Ten time-tested secrets for sticking to your New Year’s resolutions

The start of a year is a powerful time to assess what we have achieved and make resolutions as to what we want for our lives in the year that is about to begin. New years are like fresh, white sheets with nothing written on them: we have the chance, yet again, to imagine what we want and make plans towards achieving what we dream of.

However, it is easier to make resolutions than to stick to them. Depressing stat: 25% of people give up after only a few days. More than half throw in the towel within a few months…and fewer than 8% ever cross the finish line.

We usually begin the year with a great deal of energy and self-discipline, both of which tend to fade around March and are entirely forgotten when June begins. And then, when the end of the year is approaching, we get angry with ourselves and promise we’ll try harder next year. Does it sound familiar? If so, don’t beat yourself up. It happens to everyone. But it doesn’t have to.

This year you could be one of the individuals who actually sticks to her resolutions and ends the year feeling enthusiastic about how much you achieved. How? By using one or more of these ten, time-tested secrets for making good intentions stick.

1. Keep Things Real

Look, if your goals are not grounded in any kind of reality, they are just wishes, pure and simple. For example, if you are not used to exercise, your chances of winning a marathon within the next year are pretty much slim to none. But if your resolution is to finish a marathon, the probability is much, much higher. Stretch yourself, but don’t untether your goal from reality.

2. Own it

Make sure that achieving your resolutions depends only on you. You can get as much help as you need along the way from coaches and buddies, but in the end, you are the sole person responsible for your own success.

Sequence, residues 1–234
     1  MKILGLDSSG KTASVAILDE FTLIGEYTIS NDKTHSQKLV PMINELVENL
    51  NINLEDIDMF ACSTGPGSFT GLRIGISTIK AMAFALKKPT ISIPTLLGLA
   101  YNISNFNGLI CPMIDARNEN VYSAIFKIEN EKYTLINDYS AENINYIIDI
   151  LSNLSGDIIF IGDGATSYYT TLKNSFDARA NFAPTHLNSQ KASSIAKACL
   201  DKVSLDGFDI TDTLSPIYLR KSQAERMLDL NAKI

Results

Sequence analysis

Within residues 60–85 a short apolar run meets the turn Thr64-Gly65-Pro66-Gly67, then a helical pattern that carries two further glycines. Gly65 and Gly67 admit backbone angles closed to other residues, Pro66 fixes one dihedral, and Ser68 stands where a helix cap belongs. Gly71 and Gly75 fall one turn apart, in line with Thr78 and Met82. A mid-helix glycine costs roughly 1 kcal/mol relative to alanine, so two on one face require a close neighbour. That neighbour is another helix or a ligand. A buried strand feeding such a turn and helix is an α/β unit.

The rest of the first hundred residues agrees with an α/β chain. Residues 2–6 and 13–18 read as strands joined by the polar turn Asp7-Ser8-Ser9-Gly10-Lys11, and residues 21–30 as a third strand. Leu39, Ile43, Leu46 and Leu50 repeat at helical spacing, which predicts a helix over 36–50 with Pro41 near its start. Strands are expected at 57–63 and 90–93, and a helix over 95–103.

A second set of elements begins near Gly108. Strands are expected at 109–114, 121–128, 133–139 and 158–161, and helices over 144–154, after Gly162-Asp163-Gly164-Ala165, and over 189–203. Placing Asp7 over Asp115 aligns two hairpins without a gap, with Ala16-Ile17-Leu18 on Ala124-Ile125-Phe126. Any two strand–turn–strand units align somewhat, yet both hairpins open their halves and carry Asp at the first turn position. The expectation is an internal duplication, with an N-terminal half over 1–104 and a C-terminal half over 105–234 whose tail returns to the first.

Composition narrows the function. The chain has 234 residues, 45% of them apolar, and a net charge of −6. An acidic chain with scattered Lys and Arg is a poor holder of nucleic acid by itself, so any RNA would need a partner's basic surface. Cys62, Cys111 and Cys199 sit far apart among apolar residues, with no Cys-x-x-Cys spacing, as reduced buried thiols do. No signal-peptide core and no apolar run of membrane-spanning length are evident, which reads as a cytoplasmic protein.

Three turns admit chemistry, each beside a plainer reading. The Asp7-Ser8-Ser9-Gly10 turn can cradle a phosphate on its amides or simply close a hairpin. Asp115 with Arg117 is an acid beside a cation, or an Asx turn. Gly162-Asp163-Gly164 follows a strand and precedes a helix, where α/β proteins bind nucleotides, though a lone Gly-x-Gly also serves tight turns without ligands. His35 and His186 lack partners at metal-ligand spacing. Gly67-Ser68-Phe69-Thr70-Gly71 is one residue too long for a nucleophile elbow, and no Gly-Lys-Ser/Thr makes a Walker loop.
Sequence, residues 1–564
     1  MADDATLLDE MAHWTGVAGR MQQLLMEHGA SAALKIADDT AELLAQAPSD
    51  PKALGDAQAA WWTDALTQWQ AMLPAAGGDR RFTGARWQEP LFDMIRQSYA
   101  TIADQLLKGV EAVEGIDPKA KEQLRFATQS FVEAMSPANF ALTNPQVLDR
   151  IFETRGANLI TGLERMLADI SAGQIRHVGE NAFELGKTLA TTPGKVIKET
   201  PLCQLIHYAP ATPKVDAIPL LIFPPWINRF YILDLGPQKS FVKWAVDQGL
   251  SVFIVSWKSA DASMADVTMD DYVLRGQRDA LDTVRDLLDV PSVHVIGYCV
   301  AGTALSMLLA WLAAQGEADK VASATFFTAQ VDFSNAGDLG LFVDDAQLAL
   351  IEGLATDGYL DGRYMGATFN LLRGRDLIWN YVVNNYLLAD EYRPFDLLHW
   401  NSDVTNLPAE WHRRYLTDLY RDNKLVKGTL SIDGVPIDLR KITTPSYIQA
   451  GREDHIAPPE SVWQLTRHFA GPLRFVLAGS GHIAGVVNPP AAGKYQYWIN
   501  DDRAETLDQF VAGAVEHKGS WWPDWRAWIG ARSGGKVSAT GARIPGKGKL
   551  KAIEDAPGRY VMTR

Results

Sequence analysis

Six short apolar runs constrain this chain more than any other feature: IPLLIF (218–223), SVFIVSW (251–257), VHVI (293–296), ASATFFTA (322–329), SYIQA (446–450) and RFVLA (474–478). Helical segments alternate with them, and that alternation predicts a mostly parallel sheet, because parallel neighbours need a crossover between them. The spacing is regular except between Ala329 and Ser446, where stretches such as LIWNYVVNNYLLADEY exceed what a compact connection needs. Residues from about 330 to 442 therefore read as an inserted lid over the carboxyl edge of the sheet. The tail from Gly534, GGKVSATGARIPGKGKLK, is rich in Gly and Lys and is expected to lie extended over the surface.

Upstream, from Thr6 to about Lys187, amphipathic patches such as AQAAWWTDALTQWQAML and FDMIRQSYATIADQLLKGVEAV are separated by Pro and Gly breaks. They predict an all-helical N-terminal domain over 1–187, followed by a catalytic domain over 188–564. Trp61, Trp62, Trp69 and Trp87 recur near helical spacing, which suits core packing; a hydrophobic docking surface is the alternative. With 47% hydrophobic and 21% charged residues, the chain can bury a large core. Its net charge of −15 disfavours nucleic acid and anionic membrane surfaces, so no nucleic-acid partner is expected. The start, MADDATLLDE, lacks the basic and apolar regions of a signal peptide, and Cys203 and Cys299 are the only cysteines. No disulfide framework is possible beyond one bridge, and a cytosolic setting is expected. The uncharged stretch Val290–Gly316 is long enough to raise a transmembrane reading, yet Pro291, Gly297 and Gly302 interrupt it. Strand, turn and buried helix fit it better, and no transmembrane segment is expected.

3. Motivate Yourself Every Day

Keep a list of your resolutions on a visible place. Create a Pinterest pinboard. Write your top goals at the top of every to-do list. You need to keep your long-term objectives visible on an every day basis to ensure your daily to-do list actually includes the steps required to reach them.

4. Break Your Big Goal Down Into Smaller Milestones

If you plan to achieve something by the end of the year, think of milestones that will help you keep tabs on your success. Outline monthly goals or even weekly targets, so you know exactly where you are regarding your final goal.

5. Track Your Progress

Keeping a journal is a fantastic way to assess what you achieve and to help you get organized. It also helps when you need to change your strategy. You are less likely to forget your resolutions if they are written, and documenting the process will help you learn about your own experiences and build for the future.

6. Enlist Supporters

Get a “resolution buddy” or two and encourage each other to stick to your resolutions. Talk about what you have already achieved and what you still need and listen to other points of view about your experience. In our experience running Buttoned Up Boot Camps (www.ButtonedUpBootcamp.com), this has proved invaluable – when people feel accountable to another person, they will usually jump through hoops to ensure they follow through on time.

7. Carve Out Time in Your Schedule

When you are dealing with million of things simultaneously, it is harder to make time for your personal resolutions. Organize your day in a detailed, daily schedule that will help you figure out how to make time for yourself. Get your free printable daily schedule tool at GetButtonedUp.com/Tools

8. Reward Yourself

Each time you complete one of your milestones, reward yourself with something you truly like. It may be as simple as a piece of chocolate or a manicure, but rewards are a marvelous way to incentivize yourself to stay the course.

9. Get Help

You do not have to do everything yourself. In fact, most people who successfully achieve their goals are quick to point to others who helped them along the way. Think about those aspects in which you may need some extra help and get it. If possible, hire people who are experts in what you don’t know instead of thinking you will be able to do it all.

10. Get Rest

Really! Tired people are not productive. If you want to do so much that you never have time to rest, your chances of achieving your goals are significantly reduced, and if you are constantly worn out, it will seem easier to forget about your resolutions.

Finally, when the end of the year approaches again, be sure to assess what you achieved and enjoy your success before making new plans.

What is on your resolution list?